Professional Investigators: No rest for criminals in lockdown

New Zealand Security Magazine - April-May 2020

LEGEAR
Security

In this update from New Zealand Institute of Professional Investigators Chair Ron McQuilter CFE, Covid-19 puts a halt on field work and progress is made on PI training and good practice guidelines.

Lockdown

Like many professions, the work of professional investigators has been significantly impacted upon by the Covid-19 pandemic and associated lockdown. The nature of the job is that it is face-to-face, and much of it requires interacting with people.

In saying this, we do work for banks and insurance companies that are essential services, so there is some investigations work going on. But field work is more or less on hold.

If a PI investigating internal theft in a business is interviewing people during lockdown, I’d have serious concerns about that. My advice is don’t do it; it’s only money. Unless it’s life or death – or have an ongoing impact on public safety – you shouldn’t be going in and conducting face-to-face interviews.

As to the question of whether it’s worthwhile seeking further clarification on what investigations activity is ‘essential’, I’m aware that there are around 4,000 queries to government about whether specific services are essential or not. That’s why I’ve decided not to enquire at this stage, and as I’ve already said some of our work might fall under our client’s designation.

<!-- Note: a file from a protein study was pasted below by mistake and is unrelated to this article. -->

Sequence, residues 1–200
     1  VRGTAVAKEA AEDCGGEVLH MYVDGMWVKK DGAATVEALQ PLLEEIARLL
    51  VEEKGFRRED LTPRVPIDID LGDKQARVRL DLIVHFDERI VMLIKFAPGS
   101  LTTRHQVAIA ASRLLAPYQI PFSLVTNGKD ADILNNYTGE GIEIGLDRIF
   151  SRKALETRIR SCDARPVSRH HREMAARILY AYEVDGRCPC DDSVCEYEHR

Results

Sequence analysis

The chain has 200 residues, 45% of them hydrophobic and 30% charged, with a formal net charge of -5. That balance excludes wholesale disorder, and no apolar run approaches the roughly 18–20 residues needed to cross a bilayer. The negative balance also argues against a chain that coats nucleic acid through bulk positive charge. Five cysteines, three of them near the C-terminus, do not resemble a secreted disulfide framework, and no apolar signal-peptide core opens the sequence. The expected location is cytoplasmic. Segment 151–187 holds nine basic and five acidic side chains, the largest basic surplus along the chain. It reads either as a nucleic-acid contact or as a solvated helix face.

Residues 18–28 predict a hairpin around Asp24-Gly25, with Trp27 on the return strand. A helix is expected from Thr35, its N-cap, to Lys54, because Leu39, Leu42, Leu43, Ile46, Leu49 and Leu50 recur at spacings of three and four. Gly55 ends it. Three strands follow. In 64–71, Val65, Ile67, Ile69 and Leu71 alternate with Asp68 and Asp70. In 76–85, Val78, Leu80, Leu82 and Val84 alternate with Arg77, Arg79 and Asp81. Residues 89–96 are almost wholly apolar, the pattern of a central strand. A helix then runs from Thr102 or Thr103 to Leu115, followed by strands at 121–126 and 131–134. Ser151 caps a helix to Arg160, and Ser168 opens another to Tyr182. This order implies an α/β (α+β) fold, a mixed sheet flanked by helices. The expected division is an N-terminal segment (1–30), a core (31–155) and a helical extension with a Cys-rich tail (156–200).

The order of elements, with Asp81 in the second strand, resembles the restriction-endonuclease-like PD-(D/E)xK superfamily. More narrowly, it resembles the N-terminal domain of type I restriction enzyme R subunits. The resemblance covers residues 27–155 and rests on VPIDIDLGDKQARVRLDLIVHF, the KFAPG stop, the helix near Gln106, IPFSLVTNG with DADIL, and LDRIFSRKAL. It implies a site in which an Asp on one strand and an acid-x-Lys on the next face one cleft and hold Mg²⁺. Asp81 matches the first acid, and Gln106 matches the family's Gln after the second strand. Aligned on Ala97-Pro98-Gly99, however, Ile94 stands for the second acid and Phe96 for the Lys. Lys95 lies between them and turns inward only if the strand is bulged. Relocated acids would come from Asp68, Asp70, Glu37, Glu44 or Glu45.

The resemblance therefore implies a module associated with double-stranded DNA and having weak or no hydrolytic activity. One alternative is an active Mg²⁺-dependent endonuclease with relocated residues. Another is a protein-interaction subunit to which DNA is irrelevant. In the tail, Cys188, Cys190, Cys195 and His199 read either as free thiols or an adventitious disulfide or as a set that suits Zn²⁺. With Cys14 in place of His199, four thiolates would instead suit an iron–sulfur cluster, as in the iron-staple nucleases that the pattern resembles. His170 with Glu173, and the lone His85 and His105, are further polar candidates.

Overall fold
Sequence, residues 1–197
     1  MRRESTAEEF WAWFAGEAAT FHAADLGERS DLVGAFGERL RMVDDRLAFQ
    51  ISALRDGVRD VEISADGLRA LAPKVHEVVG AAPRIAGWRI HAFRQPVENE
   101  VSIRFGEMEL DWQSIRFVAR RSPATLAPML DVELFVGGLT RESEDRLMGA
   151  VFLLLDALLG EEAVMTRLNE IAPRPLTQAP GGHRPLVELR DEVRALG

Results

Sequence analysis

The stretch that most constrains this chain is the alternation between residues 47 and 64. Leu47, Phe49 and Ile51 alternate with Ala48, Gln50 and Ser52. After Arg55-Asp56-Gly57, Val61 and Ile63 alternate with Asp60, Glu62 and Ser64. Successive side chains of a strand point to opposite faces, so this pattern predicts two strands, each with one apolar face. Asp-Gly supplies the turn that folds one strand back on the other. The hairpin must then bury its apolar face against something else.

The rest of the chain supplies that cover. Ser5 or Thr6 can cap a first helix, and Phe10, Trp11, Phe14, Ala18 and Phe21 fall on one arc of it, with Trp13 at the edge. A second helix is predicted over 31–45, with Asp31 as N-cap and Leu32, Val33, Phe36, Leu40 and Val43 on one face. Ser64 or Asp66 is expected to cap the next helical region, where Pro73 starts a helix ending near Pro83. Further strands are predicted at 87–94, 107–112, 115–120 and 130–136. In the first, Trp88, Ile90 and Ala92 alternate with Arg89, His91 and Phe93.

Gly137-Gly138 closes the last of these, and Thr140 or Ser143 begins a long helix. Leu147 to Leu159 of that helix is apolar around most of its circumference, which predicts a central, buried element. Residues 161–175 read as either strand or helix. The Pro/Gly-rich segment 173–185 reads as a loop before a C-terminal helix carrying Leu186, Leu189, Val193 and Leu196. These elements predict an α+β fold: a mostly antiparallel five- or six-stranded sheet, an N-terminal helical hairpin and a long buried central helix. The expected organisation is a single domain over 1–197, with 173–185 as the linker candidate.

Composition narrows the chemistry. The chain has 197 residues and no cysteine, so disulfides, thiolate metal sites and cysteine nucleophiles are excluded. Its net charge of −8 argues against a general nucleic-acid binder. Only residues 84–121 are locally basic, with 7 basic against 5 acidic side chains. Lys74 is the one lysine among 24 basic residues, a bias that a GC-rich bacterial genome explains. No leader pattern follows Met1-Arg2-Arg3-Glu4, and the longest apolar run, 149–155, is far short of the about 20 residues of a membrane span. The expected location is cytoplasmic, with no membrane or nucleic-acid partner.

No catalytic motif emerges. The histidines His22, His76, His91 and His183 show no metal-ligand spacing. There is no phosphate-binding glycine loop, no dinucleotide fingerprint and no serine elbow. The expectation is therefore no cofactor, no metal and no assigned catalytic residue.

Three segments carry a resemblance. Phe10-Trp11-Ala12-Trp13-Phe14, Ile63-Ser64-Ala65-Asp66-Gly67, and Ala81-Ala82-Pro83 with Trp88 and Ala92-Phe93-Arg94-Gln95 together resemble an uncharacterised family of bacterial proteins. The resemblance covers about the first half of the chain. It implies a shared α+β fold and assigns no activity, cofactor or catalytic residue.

Many of the businesses in our industry are self-employed contractors and would be able to apply for the government subsidy, and I assume they are doing so.

Ultimately, once lockdown lifts, we should be one of those industries standing at the start line with engine on and clutch down, because a lot of crime will have occurred in the meantime. I’m anticipating the phones should run red hot as the lockdown winds down, and so I think the industry should do okay.

Industry training

C4 Group have been developing their Private Investigator training course. I’ve reviewed it line-by-line and have made recommendations to ensure it is as practical as possible. The NZIPI committee will now look at it with a view to endorsing it as a course for people interested in becoming a PI.

Several years ago, another company ran a course, but NZIPI never got involved because it was pitched at a very low level. By contrast, this new C4 Group course is content-rich with information tailored for PIs. It is a good start, and it will cater for people new to the industry.

Good practice guidelines

I met recently with New Zealand Security Association CEO Gary Morrison in relation to the NZSA’s Good Practice Guidelines, and we’re looking to work with the NZSA to develop similar guidelines for PIs. 

It is important that we have a proper industry accepted set of guidelines, and I believe that ultimately something like this should be accepted by the PSPLA (Private Security Personnel Licensing Authority) as an industry standard.

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